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Hunting Sharks

12 February 2021

At www.smithsonianmag.com/science-nature/ancient-indigenous-groups-brazil-h… … why did indigenous peoples in Brazil hunt shark? The full works. Tiger sharks, great whites and hammerhead sharks. Not only did they eat the meat but they used the teeth as arrow tips – and razor blades. From 8000 years ago up to the modern era, the 1500s AD, these people hunted sharks like others hunt for haddock – or blue fin tuna. The archaeology of coastal Brazil has often come up with sharks teeth but not much was thought was given to this as they clearly made nice beads, or fascinated the kiddywinks. It was assumed they were of no use as arrow  tips, the thinking being they would shatter easily. Tests revealed the opposite. Sharks teeth make good arrow tips. This led to more intensive research and it was discovered they were also used, as expected, in a number of domestic processes, such as boring holes in leather . The chachapaya people – the warriors from the clouds. They thrived long before the Inca came to power – and were eventually defeated and absorbed by them after a prolonged war. They lived on the eastern side of the Andes, overlooking the humid Amazon basin and its rainforest. The mountains were home to a loosely unified society of small kingdoms. Terrace, or hillside farming, was the secret of their success, and the backbone of their toil. They developed a strong fighting ethos in order to maintain themselves.

Over at www.sci-news.com/archaeology/tanzanian-rock-art-09332.html … Tanzanian rock art that depicts trios of anthropomorphic figures. These were found in a rock shelter in the interior, and possibly painted not that long ago. They seem to be humans, cattle, and giraffes, the everyday animal they came across. One seems to be an intriguing scene of stylised buffalo head with horns curving downwards. Now, I wonder what made them think of that?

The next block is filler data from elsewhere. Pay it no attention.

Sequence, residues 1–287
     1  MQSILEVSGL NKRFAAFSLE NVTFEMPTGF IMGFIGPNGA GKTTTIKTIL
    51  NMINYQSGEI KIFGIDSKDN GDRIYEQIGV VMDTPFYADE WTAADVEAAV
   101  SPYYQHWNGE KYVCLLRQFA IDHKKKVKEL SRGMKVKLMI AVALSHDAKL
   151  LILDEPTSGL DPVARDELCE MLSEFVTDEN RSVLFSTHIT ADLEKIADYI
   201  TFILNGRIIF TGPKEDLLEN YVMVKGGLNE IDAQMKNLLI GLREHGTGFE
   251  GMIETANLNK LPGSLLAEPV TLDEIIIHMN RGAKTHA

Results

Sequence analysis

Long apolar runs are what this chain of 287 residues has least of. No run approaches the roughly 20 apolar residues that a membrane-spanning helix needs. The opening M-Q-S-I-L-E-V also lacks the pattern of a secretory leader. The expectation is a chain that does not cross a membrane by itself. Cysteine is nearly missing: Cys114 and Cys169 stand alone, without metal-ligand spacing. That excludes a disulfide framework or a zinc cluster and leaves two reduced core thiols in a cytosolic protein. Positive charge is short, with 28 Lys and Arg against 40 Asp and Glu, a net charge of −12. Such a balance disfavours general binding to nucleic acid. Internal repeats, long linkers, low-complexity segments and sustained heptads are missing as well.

At www.eurekalert.org/pub_releases/2021-02/udb-ngm020321.php … where the subject is a bit more ancient – but topical. Neanderthal gut bacteria. Modern humans seem to have inherited gut bacteria from earlier forms of humanity, including the Neanderthals. It keeps us alive, it would seem . Gut microbiota = symbiotic micro-organisms that populate gastro intestinal tracts. An ancestral part of human biology. The bactreria have some interesting functions – such as regulation of metabolism, and the immune  system. These protect us from pathogenic micro organisms – things that kill humans. Recent studies have shown that some aspects of modern life have a detrimental effect on our inbuilt resistance to disease and infection. These include over sanitisation, by far the worst thing it would seem. Dirt is not always bad, it would seem. Grubby hands and bits in the fingernails are not as harmful as we have been led to believe. Humans after all once lived much closer to nature and made use of natural products in all sorts of ways, even as bedding. Then we have the perennial bogeyman, processed foods. Not  enough roughage perhaps. An interesting piece of research. Something to ponder in lockdown. The idea, in the long term, in view of modern reductions of microbiotic diversity in the human gut, is to tease out diet and lifestyle strategies to maintain the human immune system. Why ditch all the bacteria that has evolved over thousands of years in order to protect us, just to be cleaner and equipped solely for softer forms of food, when a more nuanced form of eating might be more protective for our ultimate health and well being.

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